A little over two hours from Custer State Park is Devils Tower in Wyoming. Its claim to fame is that it was the first national monument in the U.S. It’s also sacred to Native American tribes. This incredible geological formation is around 1,267 feet above the Belle Fourche River.
Yellowstone National Park and Livingston, Montana
Our next stop is one of the most famous–Yellowstone National Park. While you could definitely spend a week at this iconic place, we had two days with kids. Established in 1872, the park is vast and is spread over Wyoming, Montana, and Iowa. The park is the Wild West’s epitome and features wildlife from grizzly bears to bison and geothermal wonders, including the Grand Prismatic Spring and Old Faithful geyser.
Insider Tip: If you lack time, definitely pick one of two destinations. Yellowstone is extensive, and driving from one destination to the next can take hours. Also, be flexible. During our trip, we experienced traffic and road construction.
For this leg of the trip, we stayed in Livingston, Montana, about an hour north of Yellowstone National Park. The Old West ambiance features incredible views of Livingston Peak and a quaint main street that features vintage neon signs (similar to those seen at the Neon Museum in Vegas!).
Midway, Park City, Salt Lake City, and the Bonneville Salt Flats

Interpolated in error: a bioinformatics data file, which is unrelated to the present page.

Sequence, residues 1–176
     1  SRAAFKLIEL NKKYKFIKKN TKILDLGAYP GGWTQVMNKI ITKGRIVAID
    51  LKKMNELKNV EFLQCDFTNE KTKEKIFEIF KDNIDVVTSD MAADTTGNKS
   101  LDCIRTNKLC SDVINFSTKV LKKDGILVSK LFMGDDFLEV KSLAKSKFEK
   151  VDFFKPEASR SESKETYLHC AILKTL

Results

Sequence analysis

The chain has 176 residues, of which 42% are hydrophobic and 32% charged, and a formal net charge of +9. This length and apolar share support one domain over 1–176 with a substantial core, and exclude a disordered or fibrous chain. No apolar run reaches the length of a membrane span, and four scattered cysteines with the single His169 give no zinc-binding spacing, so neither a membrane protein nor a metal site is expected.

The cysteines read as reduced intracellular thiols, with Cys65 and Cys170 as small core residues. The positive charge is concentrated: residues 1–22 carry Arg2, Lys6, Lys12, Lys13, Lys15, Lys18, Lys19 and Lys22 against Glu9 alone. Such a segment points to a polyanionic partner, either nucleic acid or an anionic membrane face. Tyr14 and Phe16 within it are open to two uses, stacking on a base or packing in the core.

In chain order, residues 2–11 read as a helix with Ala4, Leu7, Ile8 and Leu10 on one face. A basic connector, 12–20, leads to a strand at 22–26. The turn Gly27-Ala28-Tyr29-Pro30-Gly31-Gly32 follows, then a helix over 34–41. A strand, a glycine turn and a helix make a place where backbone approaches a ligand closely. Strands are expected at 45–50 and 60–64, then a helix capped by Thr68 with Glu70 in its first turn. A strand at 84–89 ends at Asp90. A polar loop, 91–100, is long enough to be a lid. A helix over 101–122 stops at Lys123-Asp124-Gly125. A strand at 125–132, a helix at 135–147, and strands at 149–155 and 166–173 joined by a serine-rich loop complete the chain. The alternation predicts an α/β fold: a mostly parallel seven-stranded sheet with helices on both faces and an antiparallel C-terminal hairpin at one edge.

In just under five and a half hours, we made it to our final destination of Midway, Utah. In Wasatch County, Utah, this quaint mountain town is located in Herber Valley, about thirty minutes from Salt Lake City. The snowcapped rocky slopes and mountains inspired original Swiss settlers that this town is dubbed Utah’s Swiss Alps. Hotels, shops, and restaurants are fashioned in Swiss-style, so much so, you forget you’re in America. A few times, we thought we were in Zermatt, Switzerland. Enjoy year-round activities for the entire family, including soaking or scuba and snorkeling at the world-famous Homestead Crater, hiking, horseback riding, and even fly fishing. If you go during winter, don’t miss the Midway Ice Castles, a sleigh ride, snowshoeing, snowmobiling, and of course, skiing.
An easy day trip is visiting the chic, yet laid-back Park City, just 20 minutes from Midway. Whether you’re planning a stroll on the main street to check out the countless boutique shops, art galleries, and restaurants or visit
An easy day trip is visiting the chic, yet laid-back Park City, just 20 minutes from Midway. Whether you’re planning a stroll on main street to check out the countless boutique shops, art galleries and restaurants or visiting for the well-known hotels like Park City Mountain Resort or Deer Valley Resort, there is something for everyone in the summer and winter.
On another day, we ventured to Salt Lake City to visit the LDS Church’s headquarters, including SLC’s best-known attraction, Temple Square. This urban landscape is Utah’s capital that boasts small-town charm with big-city convenience with a hip restaurant and art scene.
A little over an hour and a half north of Salt Lake City is the not-to-be-missed Bonneville Salt Flats in Tooele County in northwestern Utah. Featuring 30,000 acres, which were once part of the dried out Lake Bonneville. This historic site has been on our bucket list for years. Being Chicagoans, it was so cool to find out that Lake Bonneville was once Lake Michigan’s size!
Insider Tips: We went during the summer when the salt flats can reach 100 F. Be sure to bring plenty of water.